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PDF: The Cure for Dawdling Digital Files

(December 1999) posted on Tue Dec 14, 1999

Learn the basics of creating PDF files.


By Mark A. Coudray

click an image below to view slideshow

 

6. Print the graphic to a PostScript file, or, if your computer has sufficient resources, distill the file to PDF directly from the illustration program.

 

7. If the original file is saved as PostScript code, open the file in Distiller and convert to PDF based on the settings you established in steps 2-4.

 

8. View, proof, and print the PDF file.

 

PDF is rooted with the service bureau, where digital technicians have wrestled with digital files for many years. The conventional, non-PDF approach involves converting a file into PostScript code, which is sent to the RIP (Raster Image Processor). The RIP then processes and sends the layers of type, elements, and imbedded graphics (generally EPS, TIFF, JPEG, or nested EPS images) contained within the graphic to the output device. But the complex nature of layered graphic files often causes the RIP to choke and dump the files--usually an hour or more into the process, and most often when we were on deadline.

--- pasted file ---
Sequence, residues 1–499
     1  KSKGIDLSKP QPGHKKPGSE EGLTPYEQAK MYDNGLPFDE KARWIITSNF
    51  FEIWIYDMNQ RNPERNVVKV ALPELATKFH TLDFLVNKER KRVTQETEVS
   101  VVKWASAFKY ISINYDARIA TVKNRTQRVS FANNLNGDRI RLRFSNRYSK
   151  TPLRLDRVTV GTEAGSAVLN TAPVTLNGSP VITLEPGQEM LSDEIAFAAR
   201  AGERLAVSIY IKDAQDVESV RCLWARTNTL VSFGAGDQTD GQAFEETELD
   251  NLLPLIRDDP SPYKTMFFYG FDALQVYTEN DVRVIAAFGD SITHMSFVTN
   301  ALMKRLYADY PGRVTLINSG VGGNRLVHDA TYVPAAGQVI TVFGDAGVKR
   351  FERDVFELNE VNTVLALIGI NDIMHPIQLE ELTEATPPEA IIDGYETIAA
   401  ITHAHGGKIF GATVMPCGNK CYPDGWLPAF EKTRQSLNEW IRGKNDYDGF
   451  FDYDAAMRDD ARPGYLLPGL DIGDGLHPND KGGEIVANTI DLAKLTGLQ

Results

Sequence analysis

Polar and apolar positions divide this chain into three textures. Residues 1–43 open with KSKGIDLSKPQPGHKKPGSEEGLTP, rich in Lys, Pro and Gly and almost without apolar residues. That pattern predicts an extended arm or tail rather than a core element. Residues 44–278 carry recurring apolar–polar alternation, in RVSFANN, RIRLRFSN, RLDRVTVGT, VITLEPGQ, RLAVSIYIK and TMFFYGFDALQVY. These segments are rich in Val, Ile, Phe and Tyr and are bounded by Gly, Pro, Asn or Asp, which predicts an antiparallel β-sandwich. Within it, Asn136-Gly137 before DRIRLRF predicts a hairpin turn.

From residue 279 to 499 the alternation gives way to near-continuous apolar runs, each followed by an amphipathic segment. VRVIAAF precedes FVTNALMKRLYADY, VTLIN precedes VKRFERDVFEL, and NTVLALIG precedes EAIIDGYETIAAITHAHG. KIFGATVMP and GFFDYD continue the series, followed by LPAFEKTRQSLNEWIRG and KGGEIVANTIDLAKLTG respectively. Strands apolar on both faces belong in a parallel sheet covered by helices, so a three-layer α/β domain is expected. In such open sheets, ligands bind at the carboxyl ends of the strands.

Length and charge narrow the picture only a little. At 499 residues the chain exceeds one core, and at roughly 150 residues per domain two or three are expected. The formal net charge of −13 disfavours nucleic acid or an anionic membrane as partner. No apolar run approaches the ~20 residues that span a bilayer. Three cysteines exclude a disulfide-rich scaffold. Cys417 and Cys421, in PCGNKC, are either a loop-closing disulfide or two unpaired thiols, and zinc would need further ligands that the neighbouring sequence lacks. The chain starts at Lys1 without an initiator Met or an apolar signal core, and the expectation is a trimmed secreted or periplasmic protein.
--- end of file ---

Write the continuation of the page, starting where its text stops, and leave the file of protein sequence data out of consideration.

To help reduce this problem, Adobe introduced Distiller, a program designed to "distill" out redundant PostScript code from files. This streamlines files and reduces their size. The resulting code is called "clean code" because it slips cleanly through the RIP to the imagesetter or output device. Today, Distiller is the primary engine of the PDF workflow and one of four programs in the Adobe Acrobat family for managing PDF files.

 

PDF and graphics

 

While the vast majority of documents published in PDF take the form of manuals and on-line business forms (all government forms are PDF format, for example), the use of PDF as a high-end digital-prepress vehicle is relatively new. But as more and more service bureaus install and upgrade to PostScript 3, a key component of the PDF workflow, the capabilities of PDF technology will become much more common. Let's take a look at the specific benefits and concerns PDF introduces.

 

We'll start with fonts. PDF provides two different font options. The first is embedding fonts and the second is subsetting fonts. To take advantage of embedding, we must use either Type 1 PostScript or TrueType fonts. These fonts are known as outline fonts because they are represented by an outline that can be scaled to any required size and then filled.

 


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